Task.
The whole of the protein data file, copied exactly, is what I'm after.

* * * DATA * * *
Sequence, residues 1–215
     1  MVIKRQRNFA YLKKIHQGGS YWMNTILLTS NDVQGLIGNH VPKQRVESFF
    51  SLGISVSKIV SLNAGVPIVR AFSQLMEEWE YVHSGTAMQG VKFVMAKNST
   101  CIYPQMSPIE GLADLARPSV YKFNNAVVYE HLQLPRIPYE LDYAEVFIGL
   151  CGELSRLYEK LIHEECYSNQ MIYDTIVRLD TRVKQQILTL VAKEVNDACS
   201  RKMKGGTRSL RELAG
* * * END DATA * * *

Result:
Sequence, residues 1–215
     1  MVIKRQRNFA YLKKIHQGGS YWMNTILLTS NDVQGLIGNH VPKQRVESFF
    51  SLGISVSKIV SLNAGVPIVR AFSQLMEEWE YVHSGTAMQG VKFVMAKNST
   101  CIYPQMSPIE GLADLARPSV YKFNNAVVYE HLQLPRIPYE LDYAEVFIGL
   151  CGELSRLYEK LIHEECYSNQ MIYDTIVRLD TRVKQQILTL VAKEVNDACS
   201  RKMKGGTRSL RELAG